Saxophonist Jerry Dodgion played with virtually every big band of the 50s, 60s and 70s and many since, and performed with Red Norvo, Frank Sinatra and many others. In the interview with Jerry, he commented on the fortuitous beginnings of the Thad Jones Mel Lewis Jazz Orchestra in 1966.

“[Thad Jones-Mel Lewis’ Big Band first rehearsal was] at A&R Studios on 48th Street … at midnight. To get all those guys at that time, that’s the way it worked. Everybody was like, “Wow.” There was electricity in the air. It was unbelievable. … You could tell that something was in the air that was great. It was just amazing.”

 

Saxophonist Michael Pedicin discusses his new recording, his work with Dave Brubeck, Pat Martino and, during his youth, meeting John Coltrane at Pep’s in Philadelphia.

On Brubeck, Pedicin says: [Dave Brubeck asked] “‘You know most of my stuff, right?’ And, I said, ‘Oh yeah.’ But the only song that I had ever played by Dave Brubeck, at that age, was ‘Take Five.’ I don’t think I knew anything … That was on New Year’s Day. So the next day, the second the stores were open, I went out and bought every LP album I could find to learn all the music to go to the rehearsal.”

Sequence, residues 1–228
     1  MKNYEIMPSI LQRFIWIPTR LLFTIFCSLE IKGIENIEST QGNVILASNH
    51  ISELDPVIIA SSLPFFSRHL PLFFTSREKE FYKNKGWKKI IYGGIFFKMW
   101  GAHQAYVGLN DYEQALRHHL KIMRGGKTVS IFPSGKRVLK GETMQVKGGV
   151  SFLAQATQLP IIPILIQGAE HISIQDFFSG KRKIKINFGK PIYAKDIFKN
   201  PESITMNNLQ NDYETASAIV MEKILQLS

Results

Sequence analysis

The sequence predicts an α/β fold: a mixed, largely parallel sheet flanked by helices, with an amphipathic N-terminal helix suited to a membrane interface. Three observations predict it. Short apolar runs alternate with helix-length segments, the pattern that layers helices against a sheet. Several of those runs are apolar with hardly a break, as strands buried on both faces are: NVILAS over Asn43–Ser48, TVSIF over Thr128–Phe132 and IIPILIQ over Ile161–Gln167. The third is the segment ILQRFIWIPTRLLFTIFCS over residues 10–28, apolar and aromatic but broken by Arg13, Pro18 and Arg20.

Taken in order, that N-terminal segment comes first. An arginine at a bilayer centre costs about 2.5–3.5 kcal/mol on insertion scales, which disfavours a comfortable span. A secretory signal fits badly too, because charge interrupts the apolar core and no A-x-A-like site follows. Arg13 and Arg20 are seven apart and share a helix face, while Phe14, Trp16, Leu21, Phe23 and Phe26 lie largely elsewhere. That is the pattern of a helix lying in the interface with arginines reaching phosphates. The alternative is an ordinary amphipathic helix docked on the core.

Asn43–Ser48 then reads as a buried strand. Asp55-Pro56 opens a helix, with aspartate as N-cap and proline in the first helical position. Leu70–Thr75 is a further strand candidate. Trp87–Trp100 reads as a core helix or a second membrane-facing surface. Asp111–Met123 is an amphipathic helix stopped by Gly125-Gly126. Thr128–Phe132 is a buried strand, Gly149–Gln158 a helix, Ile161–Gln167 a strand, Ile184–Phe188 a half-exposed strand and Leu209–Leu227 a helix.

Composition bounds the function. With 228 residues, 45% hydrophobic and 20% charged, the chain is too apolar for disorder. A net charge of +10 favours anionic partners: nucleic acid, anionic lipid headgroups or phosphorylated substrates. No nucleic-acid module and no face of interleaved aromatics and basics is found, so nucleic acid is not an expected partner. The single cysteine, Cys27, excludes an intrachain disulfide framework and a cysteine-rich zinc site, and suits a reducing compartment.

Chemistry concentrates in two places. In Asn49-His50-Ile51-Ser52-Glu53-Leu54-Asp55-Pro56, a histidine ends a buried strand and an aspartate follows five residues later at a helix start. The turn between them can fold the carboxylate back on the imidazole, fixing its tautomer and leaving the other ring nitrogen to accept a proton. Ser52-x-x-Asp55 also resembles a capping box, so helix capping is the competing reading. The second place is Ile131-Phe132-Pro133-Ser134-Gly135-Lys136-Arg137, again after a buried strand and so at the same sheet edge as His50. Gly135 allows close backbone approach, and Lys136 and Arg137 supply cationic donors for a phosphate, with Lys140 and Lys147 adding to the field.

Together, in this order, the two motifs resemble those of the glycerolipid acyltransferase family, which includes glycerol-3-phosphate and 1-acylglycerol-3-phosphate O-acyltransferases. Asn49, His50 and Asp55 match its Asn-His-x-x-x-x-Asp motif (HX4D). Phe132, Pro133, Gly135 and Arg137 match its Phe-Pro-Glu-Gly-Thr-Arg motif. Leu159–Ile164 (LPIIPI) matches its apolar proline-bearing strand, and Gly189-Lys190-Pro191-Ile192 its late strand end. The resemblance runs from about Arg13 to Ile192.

Pedicin shared his experience meeting Coltrane: “We went up to John Coltrane and introduced ourselves as students of the music and shook his hand. I tell students that I didn’t wash my hands for three years after that. [laughs] But, he was just a gentle soul—just like Elvin Jones said, ‘he was like an angel.’ That’s how he was—soft and sensitive. When he shook your hand, he embraced your hand and held it softly in his hands.”

 
 

Ken Weiss conducted a compelling interview with French pianist Martial Solal. “Why I like to practice is to be able to do anything, anything that comes here (points to head), I want to hear it (played), and for this, you must be in good shape.”